Being flexible is an essential skill as an educator, and rightly so, but there are times when staying the course (however uncomfortable it may feel) can have deeper, longer lasting benefits for our students.  I'm speaking about Challenge Based Learning.  Our students have been passing through a system (some for nearly a dozen years already) where they are rewarded for doing things in exactly the manner that was asked.  The teacher crafts the lesson or project, the student goes through the motions to receive the clearly-defined grade.

In a CBL project, students sometimes resent being challenged to think differently, question the status quo, and dig for understanding independently of specific step-by-step instructions. Rather than a reason for teachers to quickly change their plans, we should instead persist on- for the good of our students- knowing that "teaching without a net" is sometimes a very good thing.

The following video reflection by a student from Larry Baker's AP Government class encourages educators to continue to challenge students to greater learning- even if at first met with resistance or discomfort.

I'll end with a quote from Eric Schmidt, CEO of Google, called Erasing Our Innovation Deficit

*Innovation is disruptive and messy. It can't be controlled or predicted. The only way to ensure it can flourish is to create the best possible environment -- and then get out of the way.

Monday, March 8, 2010

Multimedia Project Choices

for students to get started thinking creatively on the many options of digital tools available for their presentations.

Tuesday, February 9, 2010

Aperture 3 - and Holt County, Nebraska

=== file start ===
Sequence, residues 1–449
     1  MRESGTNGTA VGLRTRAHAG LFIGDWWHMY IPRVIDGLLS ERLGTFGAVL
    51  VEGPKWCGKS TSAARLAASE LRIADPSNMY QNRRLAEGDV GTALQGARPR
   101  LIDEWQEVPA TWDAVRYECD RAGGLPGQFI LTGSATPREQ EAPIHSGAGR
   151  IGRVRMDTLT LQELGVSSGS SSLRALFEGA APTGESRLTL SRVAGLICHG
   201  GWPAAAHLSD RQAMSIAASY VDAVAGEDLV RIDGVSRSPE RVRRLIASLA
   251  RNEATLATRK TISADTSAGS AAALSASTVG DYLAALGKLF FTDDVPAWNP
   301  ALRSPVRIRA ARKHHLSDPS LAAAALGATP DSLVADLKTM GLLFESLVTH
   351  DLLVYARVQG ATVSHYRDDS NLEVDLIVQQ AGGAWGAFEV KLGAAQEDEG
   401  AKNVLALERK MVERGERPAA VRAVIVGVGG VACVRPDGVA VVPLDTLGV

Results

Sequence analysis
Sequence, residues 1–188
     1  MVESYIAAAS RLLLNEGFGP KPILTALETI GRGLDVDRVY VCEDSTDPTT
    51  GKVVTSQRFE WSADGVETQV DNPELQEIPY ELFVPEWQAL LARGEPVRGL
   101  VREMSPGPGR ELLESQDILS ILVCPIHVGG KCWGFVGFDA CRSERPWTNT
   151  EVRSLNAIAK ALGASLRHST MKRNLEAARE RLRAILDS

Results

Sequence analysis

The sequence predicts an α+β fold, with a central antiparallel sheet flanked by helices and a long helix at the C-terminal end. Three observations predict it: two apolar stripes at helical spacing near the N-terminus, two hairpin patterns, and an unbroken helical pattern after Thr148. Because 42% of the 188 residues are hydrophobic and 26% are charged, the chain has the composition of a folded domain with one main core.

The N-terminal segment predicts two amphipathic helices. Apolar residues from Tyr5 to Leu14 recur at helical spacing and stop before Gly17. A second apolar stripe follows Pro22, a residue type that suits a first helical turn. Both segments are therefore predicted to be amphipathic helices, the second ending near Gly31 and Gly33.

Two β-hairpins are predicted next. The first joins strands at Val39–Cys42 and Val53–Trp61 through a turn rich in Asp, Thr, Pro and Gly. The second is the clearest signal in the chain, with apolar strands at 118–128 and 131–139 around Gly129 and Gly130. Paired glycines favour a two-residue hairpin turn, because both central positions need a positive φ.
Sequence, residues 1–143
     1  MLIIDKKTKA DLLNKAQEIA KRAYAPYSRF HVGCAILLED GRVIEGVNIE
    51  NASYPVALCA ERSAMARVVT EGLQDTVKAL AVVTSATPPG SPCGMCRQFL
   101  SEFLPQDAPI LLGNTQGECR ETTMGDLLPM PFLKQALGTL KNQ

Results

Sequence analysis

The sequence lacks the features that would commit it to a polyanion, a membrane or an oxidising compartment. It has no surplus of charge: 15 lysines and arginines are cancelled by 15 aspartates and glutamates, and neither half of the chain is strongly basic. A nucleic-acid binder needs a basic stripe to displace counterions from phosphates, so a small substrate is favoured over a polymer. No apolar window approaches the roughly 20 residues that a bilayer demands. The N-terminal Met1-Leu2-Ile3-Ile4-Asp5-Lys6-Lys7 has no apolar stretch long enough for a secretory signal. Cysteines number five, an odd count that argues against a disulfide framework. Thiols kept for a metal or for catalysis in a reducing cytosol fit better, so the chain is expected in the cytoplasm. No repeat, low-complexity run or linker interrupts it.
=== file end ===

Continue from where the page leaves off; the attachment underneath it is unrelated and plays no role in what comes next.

Apple Computers just released a new software product - Aperture 3 - a professional photography application- and they used images from Holt County to promote its new features. Last year Apple commissioned Sports Illustrated photographer Bill Frakes to create a video testimonial about the slideshow creation features in the Aperture software. He could go anywhere in the world to do the photo shoot to gather the images to tell his story, and being a native Nebraskan he knew he wanted to do it somewhere in our state. Although Bill currently lives in Florida, he has previously produced numerous multimedia stories for Sports Illustrated including the Nebraska State Wrestling Tournament and a feature on Arnold, Nebraska’s 6-man football team. (See Frakes was a featured instructor at the Apple Distinguished Educator Institute held in July 2009 at Full Sail University in Florida. It was there that he crossed paths with Katie Morrow, technology integration specialist at O’Neill Public Schools. He inquired about events near O’Neill occurring in early August that would be suitable for photography/video documentary purposes and agreed to come out to O’Neill during the weekend of the Holt County Fair. Along with Bill Frakes and his assistant Laura Heald, came a 4 person production team from Apple Computers. Due to the secrecy of the software development by Apple, little could be said about the true purpose of the photo shoot. Katie, along with huge help from her husband Kevin Morrow, arranged for local ranchers to film a sunrise scene on horseback at the Carson ranch, cleared for photographer’s access to the Holt County Fair and Rodeo, and obtained releases from all individuals photographed for possible inclusion in the piece. “Everyone was so agreeable and willing to help out- from the Holt County Fair Board to the Carson family to Elsie Eiler, owner of the Monowi tavern,” said Katie Morrow. “This was even more amazing since we weren’t even really being told what all the photos and interviews were for! The people of Holt County are a very generous people and Bill wanted to feature that in his story.” The piece was originally expected to be published before the new year, but delays in the software release date held it back. Currently the finished product is featured prominently on Apple’s website at and more Holt County images can be viewed in the movie clips Numerous Holt County residents who provided portrait releases should soon be receiving prints by this famous photographer in exchange for their help with the project.